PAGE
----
This is all a bit over-simplified, so please forgive me if you know already...
'volume' in digital terms has an absolute maximum, unlike analog which you can 'push a bit' without it getting unpleasant.
As Jim Mack says, checking for 'clipping' [squared off waveform tops] is an indication you have passed this limit.
If, when you analyse the file visually, only a small number of peaks are reaching full volume, the standard method of increasing the overall apparent loudness of a sound is to compress it, or even brick-wall limit. [many varieties of both compressors & limiters are available as plugins for all DAWs, including some 'mastering' plugins that allow compression by frequency]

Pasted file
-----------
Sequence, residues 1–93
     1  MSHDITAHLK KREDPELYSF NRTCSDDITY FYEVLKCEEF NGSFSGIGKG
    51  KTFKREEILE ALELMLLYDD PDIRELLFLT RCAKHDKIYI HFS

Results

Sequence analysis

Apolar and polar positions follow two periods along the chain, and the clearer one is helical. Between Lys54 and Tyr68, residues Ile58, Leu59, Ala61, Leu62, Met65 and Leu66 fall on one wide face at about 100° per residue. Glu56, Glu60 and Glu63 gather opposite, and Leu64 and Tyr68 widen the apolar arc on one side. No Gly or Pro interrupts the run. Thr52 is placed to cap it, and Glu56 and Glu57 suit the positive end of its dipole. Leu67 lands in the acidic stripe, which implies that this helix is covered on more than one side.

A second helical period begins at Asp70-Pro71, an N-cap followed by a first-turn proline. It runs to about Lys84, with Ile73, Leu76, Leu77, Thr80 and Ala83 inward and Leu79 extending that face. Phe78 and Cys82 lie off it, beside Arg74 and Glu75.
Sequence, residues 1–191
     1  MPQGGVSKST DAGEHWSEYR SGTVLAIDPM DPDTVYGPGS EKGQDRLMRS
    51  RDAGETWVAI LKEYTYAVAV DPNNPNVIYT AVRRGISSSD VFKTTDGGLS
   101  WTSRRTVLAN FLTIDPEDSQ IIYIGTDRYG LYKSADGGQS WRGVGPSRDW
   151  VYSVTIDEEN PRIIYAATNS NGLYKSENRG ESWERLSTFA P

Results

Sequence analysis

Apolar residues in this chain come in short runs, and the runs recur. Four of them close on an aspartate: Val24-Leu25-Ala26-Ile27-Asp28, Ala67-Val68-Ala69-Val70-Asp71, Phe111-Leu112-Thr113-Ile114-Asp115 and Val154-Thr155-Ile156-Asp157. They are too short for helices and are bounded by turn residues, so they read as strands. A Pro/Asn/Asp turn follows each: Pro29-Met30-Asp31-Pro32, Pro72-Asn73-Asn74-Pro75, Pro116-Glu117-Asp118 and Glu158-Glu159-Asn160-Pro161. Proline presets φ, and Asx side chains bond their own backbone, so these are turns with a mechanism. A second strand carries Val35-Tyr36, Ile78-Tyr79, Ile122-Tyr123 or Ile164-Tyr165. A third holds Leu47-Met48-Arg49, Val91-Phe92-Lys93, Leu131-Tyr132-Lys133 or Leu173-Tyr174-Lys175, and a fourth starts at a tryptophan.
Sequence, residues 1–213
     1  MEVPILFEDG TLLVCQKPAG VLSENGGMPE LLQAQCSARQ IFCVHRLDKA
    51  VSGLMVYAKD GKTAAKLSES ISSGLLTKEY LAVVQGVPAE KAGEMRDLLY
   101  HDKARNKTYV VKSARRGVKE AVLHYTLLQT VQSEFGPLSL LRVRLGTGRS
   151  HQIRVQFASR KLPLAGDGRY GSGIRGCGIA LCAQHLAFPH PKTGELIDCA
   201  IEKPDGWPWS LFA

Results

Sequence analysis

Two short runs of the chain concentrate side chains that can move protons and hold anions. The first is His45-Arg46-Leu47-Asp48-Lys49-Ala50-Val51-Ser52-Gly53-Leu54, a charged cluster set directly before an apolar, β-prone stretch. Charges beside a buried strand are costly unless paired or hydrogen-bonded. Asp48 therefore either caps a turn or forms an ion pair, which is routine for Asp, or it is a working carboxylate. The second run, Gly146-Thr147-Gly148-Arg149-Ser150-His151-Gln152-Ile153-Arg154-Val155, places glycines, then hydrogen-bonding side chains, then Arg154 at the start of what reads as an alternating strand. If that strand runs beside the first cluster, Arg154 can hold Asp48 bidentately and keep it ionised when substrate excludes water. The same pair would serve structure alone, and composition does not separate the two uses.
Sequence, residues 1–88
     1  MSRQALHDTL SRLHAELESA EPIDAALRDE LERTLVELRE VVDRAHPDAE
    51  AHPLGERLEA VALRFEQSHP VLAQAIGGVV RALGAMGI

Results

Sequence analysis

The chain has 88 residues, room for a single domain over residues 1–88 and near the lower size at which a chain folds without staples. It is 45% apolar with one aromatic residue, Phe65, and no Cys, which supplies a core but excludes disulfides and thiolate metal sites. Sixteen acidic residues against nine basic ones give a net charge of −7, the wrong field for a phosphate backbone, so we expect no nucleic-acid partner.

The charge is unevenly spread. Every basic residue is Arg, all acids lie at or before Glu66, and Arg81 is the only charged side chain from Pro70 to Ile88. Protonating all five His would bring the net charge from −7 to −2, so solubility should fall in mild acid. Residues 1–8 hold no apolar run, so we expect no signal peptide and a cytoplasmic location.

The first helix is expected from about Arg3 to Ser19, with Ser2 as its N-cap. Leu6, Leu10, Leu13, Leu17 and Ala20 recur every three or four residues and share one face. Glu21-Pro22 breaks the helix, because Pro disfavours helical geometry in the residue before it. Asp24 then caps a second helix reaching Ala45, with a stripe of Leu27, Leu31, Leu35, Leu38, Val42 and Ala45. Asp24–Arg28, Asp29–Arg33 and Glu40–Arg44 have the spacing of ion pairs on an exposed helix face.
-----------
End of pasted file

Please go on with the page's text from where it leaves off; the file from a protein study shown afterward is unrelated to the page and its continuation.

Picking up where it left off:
This will bring up the overall sound level, whilst holding back the peaks to prevent clipping. You can be as subtle or as fierce as you like - but the noise-floor will rise [though that's not what I think your essential problem actually is] & the more compression you add the more 'squashed' the result will sound; but many pop records are mastered this way to make them appear 'loud' on the radio [so much so over the past 15 years that if you don't you'll sound quiet compared to the rest]
Post a comment if you need more info or clarification.